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'Alias' nostalgia react: The four keys to a successful cliffhanger

Season 1 | Episode 20 | “The Solution” | Aired April 21 2002

For the second time in my Alias watching experience, I felt the distinct and strong urge to keep watching at the end of an episode. It’s not that it’s bad. It’s not even that it isn’t good. It’s good. I like it. I just don’t feel the need to binge it. The pacing of one episode a week feels very natural. But after watching “The Solution,” I had to stop myself from letting Netflix auto play the followup. It got me thinking about what it is that makes an Alias episode effective as a cliffhanger, at least for me. Here’s what I came up with:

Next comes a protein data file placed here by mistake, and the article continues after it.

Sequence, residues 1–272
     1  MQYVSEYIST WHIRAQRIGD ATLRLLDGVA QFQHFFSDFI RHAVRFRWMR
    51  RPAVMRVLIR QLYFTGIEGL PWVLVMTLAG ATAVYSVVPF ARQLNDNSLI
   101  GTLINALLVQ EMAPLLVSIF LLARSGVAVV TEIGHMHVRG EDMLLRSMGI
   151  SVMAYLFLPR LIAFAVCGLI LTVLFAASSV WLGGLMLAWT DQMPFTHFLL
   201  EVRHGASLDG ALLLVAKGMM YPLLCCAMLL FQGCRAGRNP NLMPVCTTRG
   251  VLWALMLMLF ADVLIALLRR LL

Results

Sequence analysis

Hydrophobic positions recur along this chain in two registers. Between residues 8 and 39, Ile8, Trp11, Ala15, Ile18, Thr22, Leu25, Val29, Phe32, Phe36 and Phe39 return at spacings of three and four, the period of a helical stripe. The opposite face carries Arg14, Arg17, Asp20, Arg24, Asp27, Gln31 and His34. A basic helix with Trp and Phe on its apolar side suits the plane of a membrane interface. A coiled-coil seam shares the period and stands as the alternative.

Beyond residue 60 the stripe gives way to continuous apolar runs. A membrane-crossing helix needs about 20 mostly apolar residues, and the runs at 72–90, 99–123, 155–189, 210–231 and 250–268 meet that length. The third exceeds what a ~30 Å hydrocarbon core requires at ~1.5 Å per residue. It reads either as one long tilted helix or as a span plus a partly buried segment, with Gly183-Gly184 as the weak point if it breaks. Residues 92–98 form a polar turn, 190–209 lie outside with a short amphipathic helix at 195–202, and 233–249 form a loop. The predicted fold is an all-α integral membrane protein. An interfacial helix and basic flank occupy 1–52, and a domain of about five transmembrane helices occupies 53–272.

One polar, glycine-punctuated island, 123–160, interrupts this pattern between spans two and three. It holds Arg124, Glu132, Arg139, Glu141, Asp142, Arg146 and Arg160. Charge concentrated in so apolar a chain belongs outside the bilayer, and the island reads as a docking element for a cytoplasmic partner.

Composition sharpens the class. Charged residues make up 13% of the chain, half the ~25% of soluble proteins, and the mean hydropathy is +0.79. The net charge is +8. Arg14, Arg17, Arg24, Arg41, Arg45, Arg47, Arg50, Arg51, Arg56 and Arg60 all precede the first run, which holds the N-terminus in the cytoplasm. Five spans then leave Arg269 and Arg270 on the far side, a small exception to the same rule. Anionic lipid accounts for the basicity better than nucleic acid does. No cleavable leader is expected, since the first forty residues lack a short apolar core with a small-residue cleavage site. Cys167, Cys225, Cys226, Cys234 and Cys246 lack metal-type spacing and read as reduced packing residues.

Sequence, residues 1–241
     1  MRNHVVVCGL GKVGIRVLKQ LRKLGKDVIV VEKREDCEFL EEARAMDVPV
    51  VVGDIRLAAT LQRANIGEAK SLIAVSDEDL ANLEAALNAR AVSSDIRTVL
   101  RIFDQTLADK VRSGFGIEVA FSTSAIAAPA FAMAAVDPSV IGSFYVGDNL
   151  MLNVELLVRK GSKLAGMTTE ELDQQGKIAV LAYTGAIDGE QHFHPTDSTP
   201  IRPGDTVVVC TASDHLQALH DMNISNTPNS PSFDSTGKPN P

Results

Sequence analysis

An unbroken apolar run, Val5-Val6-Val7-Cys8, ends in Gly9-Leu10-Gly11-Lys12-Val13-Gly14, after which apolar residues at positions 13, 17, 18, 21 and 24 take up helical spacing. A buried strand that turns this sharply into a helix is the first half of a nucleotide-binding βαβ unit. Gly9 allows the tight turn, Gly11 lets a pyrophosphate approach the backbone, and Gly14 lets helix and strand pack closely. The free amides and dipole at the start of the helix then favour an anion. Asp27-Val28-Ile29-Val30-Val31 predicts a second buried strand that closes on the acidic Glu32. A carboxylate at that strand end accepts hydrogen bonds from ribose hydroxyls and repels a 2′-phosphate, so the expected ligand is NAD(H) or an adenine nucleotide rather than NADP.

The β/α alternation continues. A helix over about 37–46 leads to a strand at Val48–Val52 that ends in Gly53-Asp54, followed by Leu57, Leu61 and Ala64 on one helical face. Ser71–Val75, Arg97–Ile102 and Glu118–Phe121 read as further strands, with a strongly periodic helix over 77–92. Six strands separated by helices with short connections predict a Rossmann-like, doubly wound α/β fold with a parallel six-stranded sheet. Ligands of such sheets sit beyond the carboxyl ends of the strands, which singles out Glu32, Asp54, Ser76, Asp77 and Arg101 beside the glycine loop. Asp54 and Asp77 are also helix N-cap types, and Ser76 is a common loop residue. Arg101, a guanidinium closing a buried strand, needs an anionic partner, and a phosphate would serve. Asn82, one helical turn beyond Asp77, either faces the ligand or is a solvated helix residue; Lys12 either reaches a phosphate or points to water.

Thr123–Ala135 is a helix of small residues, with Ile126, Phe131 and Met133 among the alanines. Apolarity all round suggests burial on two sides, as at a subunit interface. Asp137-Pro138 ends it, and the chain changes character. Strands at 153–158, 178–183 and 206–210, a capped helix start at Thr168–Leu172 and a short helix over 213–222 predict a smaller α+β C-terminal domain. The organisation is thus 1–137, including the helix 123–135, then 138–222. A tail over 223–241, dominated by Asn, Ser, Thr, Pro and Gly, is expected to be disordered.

1. Sydney must (absolutely must) end the episode in dire peril. Episodes of Alias tend to end with either promises of new secrets to be revealed, revelations that shake the fabric of what you (and Sydney) thought was true, tragedy or Sydney about to die. I love the intrigue and espionage and the tragedies, when they happen, are great (RIP, Noah). But if I’m being honest, I need an almost literal cliffhanger to really feel that extra investment. In “The Solution,” the cliffhanger isn’t Sydney hanging from a cliff (or an air vent—although that one does happen mid-episode), it’s a moment when she’s caught at gun point in the middle of a CIA op during her supposed vacation from SD-6. Thankfully, the person who catches her is Dixon, who is more likely than most from SD-6 not to shoot her in the head or turn her in after the mission. I feel like Dixon has known something was up most of the season, so it’s actually pretty gratifying to see him finally put the pieces together.